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The net effect of this calculated hype is that Grambling is now well known. It's "a gypsy team with a floating schedule," as Robinson puts it, willing to play anybody anywhere if the terms are right. The hype has also made the Tigers the game on a lot of schedules. "People come out of ratholes to watch us play Grambling," says Jackson State's Gorden. Finally, Grambling's promotional campaign has made it a moneymaker. Last year's game against Southern University at the Super Dome generated revenues of more than $1 million. "Eddie Robinson simply has vision," says President Johnson. "I just wish he'd live forever."
Even if he would want to, by law Robinson cannot coach beyond age 70. That leaves him with at the most six more seasons, by the end of which he could have more than 350 wins. Everyone agrees that Robinson is probably the last coach with a shot at catching Bryant. Times have changed. You don't get a head coaching job at 22 anymore. And once you've got it, you're more likely to get fired. Or you come down with that new coaches' disease—burnout.
Robinson is hardly a candidate for that malady. He certainly hasn't lost that inner fire; he cries whenever he wins a big game or somebody throws a testimonial for him. But he is less emotional than he once was. He promised Doris a few years ago that he'd cool it. "He was taking losing so hard, tearing his hat off his head and all, that we just had to have a talk," says Doris. "He was going to have a heart attack. I said, 'Maybe we better go back to Baton Rouge and you get a job at Standard Oil.' He vowed he'd take things easier, and he's been good about it."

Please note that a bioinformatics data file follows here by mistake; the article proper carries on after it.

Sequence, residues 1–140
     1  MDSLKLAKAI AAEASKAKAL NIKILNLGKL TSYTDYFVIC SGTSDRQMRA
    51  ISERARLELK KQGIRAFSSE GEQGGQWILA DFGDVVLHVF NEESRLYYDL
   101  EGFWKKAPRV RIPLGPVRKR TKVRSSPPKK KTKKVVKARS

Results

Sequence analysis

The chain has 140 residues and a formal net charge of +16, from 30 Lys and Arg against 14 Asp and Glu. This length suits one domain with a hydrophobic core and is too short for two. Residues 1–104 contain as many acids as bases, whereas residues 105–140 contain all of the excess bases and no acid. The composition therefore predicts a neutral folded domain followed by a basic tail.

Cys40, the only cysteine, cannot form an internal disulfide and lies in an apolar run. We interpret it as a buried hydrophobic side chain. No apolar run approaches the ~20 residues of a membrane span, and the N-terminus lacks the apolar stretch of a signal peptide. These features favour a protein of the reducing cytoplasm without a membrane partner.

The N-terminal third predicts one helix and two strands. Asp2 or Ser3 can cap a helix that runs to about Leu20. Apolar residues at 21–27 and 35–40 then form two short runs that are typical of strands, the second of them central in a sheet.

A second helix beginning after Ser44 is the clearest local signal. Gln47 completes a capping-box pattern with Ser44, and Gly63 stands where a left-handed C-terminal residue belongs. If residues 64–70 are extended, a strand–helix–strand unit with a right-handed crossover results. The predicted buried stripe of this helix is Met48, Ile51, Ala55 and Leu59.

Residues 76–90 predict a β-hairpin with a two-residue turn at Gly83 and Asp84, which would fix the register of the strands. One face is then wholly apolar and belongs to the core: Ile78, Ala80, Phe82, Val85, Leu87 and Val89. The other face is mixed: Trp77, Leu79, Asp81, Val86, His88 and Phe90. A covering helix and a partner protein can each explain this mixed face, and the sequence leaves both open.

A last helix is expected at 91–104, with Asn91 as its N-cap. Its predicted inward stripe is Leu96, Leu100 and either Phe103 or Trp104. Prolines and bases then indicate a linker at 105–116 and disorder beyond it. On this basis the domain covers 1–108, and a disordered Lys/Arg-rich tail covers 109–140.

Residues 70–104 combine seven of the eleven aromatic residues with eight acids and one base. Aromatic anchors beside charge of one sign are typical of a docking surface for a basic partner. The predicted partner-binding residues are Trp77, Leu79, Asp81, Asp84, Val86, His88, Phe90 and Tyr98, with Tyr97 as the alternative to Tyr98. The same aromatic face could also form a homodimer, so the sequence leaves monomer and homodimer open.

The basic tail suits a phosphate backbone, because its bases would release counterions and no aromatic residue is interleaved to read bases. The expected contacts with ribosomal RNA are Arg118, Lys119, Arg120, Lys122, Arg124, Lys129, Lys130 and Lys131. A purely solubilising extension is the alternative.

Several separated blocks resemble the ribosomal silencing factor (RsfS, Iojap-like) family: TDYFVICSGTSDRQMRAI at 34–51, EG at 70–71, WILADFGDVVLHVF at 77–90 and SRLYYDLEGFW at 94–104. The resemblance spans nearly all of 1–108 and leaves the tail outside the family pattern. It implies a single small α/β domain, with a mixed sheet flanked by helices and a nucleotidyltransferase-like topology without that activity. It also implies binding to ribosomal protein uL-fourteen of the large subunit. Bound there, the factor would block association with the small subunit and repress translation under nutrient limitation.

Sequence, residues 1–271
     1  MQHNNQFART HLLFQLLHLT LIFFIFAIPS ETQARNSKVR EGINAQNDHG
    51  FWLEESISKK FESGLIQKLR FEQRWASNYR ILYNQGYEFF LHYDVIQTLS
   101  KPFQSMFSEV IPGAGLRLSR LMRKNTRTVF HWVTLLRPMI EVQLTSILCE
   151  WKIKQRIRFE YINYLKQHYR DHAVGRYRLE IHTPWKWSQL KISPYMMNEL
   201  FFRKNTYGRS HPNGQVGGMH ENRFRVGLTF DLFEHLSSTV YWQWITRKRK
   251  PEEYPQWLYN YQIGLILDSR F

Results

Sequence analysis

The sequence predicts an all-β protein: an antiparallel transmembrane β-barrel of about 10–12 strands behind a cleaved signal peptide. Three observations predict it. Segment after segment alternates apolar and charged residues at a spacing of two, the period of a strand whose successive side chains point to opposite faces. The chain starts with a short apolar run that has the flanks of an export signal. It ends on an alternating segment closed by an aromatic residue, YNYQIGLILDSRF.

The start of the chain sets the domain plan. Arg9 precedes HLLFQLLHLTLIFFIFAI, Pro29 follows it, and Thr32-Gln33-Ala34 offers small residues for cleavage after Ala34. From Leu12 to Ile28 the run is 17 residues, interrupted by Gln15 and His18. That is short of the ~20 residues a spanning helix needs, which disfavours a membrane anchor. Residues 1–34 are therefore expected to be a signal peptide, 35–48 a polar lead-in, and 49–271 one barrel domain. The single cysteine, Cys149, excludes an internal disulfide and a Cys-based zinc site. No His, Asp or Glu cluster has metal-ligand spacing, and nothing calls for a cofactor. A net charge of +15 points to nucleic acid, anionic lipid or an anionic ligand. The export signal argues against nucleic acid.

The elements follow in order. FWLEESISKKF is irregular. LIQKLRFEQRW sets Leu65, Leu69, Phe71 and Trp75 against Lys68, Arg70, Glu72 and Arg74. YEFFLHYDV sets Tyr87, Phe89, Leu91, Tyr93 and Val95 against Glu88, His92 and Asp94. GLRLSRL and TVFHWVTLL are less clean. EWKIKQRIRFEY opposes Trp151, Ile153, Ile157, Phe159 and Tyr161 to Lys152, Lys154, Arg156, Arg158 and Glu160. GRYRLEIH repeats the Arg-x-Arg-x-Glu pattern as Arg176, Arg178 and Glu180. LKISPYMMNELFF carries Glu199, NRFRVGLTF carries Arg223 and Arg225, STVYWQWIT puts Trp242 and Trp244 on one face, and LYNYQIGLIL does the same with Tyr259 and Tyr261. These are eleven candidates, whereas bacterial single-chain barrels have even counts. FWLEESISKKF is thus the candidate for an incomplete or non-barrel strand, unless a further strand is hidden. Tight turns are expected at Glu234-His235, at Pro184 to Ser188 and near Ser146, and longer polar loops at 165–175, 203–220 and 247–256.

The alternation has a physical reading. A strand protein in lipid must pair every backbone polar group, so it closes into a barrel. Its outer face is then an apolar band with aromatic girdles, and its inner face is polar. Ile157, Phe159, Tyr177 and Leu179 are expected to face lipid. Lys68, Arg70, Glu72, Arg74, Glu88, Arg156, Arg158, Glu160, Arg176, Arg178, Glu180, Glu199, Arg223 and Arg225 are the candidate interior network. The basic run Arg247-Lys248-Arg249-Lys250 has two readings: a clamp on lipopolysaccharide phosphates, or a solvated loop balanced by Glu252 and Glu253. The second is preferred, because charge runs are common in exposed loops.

Robinson's famed equanimity off the field helped him at a coaches' convention in the early '70s. USC had just clobbered a lily-white Alabama team on the Crimson Tide's home field largely on the running of black Fullback Sam Cunningham. A Tide assistant looked at Robinson and said, "Sam Cunningham did more for integration in Birmingham in one day than Martin Luther King did in a lifetime." Robinson was able to smile at the comment. "That's the thing about sports," he says. "Once people play together, they see they can live together."
Robinson's graciousness is also at the root of his love for Bryant, a man who was hardly a leader in the civil rights movement. They first met at a coaches' clinic years ago, and after that Robinson traveled all over to hear the Bear speak. "Something you can't overemphasize about Eddie," says Dallas Cowboys Vice-President Gil Brandt, "is the number of clinics he went to just to learn." But why Bryant in particular? Bryant respected Robinson as much as Robinson respected him. They liked each other because they were two old boys from the South, and they knew what sacrifice meant. Above all, though, they were both winners.
"The greatest thing about Coach Bryant was that he could talk to kings and queens and the man in the street," says Robinson with genuine affection. But what about breaking Bryant's record? Robinson thinks for a moment. "Ed be happy if football history would record that I had done something unique," he says. "But not necessarily that."
Says Doris, "If he could just have Bear back, that would be enough."
And why? To play the man. It was one of Robinson's biggest dreams. He even talked to Bryant about it—just to line up one time across from the man and have a chance at him. All those wins staring at each other—by God, now that would be unique.